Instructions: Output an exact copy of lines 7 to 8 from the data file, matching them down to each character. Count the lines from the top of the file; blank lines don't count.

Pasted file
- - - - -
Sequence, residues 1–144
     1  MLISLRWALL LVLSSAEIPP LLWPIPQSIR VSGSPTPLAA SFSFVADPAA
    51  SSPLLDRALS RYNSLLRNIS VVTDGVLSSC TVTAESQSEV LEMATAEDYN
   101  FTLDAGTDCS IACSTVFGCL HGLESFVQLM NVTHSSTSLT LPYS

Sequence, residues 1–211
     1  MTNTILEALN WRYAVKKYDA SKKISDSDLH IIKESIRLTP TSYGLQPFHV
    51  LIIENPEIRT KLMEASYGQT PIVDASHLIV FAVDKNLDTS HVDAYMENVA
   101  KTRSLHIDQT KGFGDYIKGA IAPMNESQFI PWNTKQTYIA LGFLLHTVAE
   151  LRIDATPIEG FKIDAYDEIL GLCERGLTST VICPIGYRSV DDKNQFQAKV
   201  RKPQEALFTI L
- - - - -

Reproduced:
    51  LIIENPEIRT KLMEASYGQT PIVDASHLIV FAVDKNLDTS HVDAYMENVA
   101  KTRSLHIDQT KGFGDYIKGA IAPMNESQFI PWNTKQTYIA LGFLLHTVAE